• by stephanruby (542433) on Wednesday June 24, 2009 @03:28AM (#28449979)
      As a French person, I resent what the author is implying. Defau(l)t is a french word. It means "inaction", "failure", or "inactive state". And if anybody invented "inaction", we certainly did. We have prior art. It's part of our cultural heritage. And you guys, you were just lucky that we even taught it to Great Britain in the twelve century, for without that specialized knowledge, that special concept of defaults would never even have arrived in America!!
  • by Opportunist (166417) on Wednesday June 24, 2009 @02:11AM (#28449567)

    We might not have called it that, but default solutions and default products have been around since the invention of mass production. From then on, there was a "default" product, a standard product that works as the default if you didn't order something specifically different.

    Hell, even the spanish inquisition had a default verdict.

  • > Choices materialize when summoned. [rest elided]

  • by codekavi (459992) on Wednesday June 24, 2009 @02:30AM (#28449685) Homepage

    Non English speakers / translators!

    Did you have trouble translating the word "default" into other languages? How difficult/easy was it to find a translation for "default" for user manuals in, say, jp or cn or fr?

    Asking because I had trouble figuring out a good word for it in Hindi. Still not sure if we have the right word.

    Do note that /. only allows ascii in posts.

    • Re: (Score:3, Interesting)

      by codekavi (459992)
      Asking because I had trouble figuring out a good word for it in Hindi. Still not sure if we have the right word. Forgot to add: the closest translation I could come to was "pre-decided" and that doesn't seem to mean the same thing as "default" - it should actually be a word or phrase that means "pre-decided but modifiable to something else".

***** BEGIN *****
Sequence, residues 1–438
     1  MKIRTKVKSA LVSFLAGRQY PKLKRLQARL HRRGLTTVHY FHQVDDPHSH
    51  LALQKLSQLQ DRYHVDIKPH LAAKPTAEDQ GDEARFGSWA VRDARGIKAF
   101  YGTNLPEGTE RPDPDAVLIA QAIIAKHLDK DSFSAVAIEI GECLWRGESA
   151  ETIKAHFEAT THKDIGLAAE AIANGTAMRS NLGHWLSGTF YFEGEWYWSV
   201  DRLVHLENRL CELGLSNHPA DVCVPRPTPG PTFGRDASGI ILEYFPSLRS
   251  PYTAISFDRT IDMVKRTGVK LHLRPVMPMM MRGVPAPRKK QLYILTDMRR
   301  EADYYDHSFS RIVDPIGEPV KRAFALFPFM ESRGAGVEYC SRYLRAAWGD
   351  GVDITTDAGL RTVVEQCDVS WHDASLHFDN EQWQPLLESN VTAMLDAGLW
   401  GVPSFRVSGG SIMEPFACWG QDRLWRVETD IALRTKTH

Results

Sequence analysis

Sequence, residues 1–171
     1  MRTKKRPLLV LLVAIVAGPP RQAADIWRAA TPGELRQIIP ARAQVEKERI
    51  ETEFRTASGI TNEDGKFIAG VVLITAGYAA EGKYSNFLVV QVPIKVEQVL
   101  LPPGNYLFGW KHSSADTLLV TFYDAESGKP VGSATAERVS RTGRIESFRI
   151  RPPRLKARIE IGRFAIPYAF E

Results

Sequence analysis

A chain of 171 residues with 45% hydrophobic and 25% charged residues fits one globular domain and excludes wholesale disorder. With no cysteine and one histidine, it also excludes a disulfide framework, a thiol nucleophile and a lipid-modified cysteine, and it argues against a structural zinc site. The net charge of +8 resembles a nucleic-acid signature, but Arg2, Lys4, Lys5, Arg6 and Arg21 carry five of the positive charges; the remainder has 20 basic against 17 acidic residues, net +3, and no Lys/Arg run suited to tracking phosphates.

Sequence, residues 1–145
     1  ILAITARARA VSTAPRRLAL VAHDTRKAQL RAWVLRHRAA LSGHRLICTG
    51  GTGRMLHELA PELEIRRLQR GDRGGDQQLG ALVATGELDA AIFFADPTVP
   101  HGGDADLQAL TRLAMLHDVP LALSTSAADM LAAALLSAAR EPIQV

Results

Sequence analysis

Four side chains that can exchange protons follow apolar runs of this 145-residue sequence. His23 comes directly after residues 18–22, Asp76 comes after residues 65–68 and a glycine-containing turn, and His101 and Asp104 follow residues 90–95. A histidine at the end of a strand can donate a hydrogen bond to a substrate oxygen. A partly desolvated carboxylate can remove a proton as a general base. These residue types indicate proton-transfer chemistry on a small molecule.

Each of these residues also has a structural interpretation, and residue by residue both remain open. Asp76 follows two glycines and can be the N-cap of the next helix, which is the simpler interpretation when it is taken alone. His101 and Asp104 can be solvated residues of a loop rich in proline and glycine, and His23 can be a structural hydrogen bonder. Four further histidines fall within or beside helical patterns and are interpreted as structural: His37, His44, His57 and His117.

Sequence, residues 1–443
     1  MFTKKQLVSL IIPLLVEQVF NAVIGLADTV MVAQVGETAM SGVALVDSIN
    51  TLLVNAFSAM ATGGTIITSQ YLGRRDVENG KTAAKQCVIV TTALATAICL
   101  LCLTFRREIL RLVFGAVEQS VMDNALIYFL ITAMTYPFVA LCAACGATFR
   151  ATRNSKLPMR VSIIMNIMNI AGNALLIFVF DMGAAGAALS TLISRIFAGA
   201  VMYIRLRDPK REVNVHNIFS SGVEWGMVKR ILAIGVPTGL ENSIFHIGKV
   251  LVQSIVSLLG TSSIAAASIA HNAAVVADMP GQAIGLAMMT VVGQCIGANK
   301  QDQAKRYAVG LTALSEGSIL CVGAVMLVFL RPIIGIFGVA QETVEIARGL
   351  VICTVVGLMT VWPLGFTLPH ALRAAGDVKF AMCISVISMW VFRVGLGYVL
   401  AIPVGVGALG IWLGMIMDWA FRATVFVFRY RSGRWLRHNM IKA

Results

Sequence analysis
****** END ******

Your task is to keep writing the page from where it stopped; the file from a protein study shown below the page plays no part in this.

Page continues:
• Re: (Score:3, Informative)

      by gzipped_tar (1151931)

      Quite easy in Chinese. Since /. is too US-centric to tolerate Unicode, I'll just post the Unicode codepoints for these two characters: U+9ED8 and U+8BA4. Look them up in a Unicode table ;)

      This Chinese word for "default", in a more literal translation, means "tacitly accepted/recognized". It has nothing to do with the financial meaning of the word "default", which translates to a completely different word in Chinese.

    • Do note that /. only allows ascii in posts.

      Yeah, about that.....I asked for UTF8 and as a result we got strange bars and colored dots. Careful what you ask for on slashdot. They just might do something. I still remember the horror of the pink ponies....

    • In Icelandic (Score:2, Informative)

      In Icelandic
      It is "SjÃlfgefiÃ" or "Sjalfgefid"(since the special characters get fubar) which translated literally to English, would mean "Given by itself".